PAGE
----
Alex: So, the first maze is 301 Hyde street. Now this is terrifying, because basically, you’re entering the home of Otis Hatcher and he’s the social pariah of Temecula Terror. He’s the town outcast. A carnival came to town hosted by Mayor Butterfield, and everyone in town is enthralled with the Halloween carnival. So, Otis, being upset about this because Halloween, of course, it’s his favorite holiday because he’s extremely demented. He lures all trick-or-treaters into his house, and instead of handing out candy, he’s mostly handing out tricks, and in the form of like torture.
Something really interesting about that maze is that it features a lot of vintage ephemera that belong directly to Jeremy and Zach Ball, the producers, bloodshed brothers. You can go through there, and if you keep an eye out, keep your eyes peeled, can see a lot of their vintage pieces from their personal collection. Even walking through the maze with them is really fun, because they will point out things and be like, “that was the first prop that I ever bought with my own money when I was 15 at Party City.” That kind of stuff is what, I think, sets us apart, that level of detail. The guys, their parents helped us with build, and helped us with concepting, their mom makes all the costumes, it’s a family affair. So, I think that really comes through in the level of detail of the mazes.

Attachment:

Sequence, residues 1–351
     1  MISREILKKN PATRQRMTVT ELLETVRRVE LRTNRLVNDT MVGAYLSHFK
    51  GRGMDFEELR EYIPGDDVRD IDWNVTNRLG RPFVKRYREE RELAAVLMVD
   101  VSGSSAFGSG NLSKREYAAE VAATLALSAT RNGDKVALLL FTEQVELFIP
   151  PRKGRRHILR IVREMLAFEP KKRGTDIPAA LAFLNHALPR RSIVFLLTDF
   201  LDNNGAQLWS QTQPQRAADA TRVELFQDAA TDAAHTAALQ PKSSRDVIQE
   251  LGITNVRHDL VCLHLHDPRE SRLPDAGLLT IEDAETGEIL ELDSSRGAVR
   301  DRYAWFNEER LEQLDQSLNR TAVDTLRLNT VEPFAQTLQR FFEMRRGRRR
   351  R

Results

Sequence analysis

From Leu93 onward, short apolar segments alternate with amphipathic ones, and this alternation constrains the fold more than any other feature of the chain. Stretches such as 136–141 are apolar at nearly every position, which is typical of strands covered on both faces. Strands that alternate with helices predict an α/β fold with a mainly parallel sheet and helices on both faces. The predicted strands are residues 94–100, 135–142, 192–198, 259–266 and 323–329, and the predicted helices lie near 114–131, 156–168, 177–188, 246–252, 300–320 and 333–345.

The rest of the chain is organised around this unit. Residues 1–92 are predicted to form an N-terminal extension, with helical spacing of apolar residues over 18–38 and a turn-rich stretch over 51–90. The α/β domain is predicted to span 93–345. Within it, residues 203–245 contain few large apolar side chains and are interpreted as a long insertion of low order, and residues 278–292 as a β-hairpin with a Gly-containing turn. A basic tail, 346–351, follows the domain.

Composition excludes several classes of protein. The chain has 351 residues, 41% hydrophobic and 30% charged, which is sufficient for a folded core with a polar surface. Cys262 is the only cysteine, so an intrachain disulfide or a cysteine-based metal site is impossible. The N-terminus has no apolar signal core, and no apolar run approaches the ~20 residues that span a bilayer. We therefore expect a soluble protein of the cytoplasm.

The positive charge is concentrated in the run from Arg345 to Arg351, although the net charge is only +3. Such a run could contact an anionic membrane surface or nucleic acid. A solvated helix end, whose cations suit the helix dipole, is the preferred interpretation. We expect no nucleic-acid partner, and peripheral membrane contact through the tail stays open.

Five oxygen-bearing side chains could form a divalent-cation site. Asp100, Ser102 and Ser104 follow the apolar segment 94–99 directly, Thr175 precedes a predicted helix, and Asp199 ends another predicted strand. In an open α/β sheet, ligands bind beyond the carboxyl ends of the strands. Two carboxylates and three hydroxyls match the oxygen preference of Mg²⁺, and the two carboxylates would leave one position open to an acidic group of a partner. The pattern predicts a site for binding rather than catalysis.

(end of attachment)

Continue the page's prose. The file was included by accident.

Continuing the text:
The second maze is The Crypt, that’s a brand new maze it’s never been done this way before. Originally The Crypt was just a blackout maze, it was a feel-your-way-through, very creepy that way, but it really grew from there as the brothers evolved the creative. They started adding some light elements, some laser elements, some fog elements, and then it became this venture through the forgotten catacombs, and it’s really been elevated into what it is now.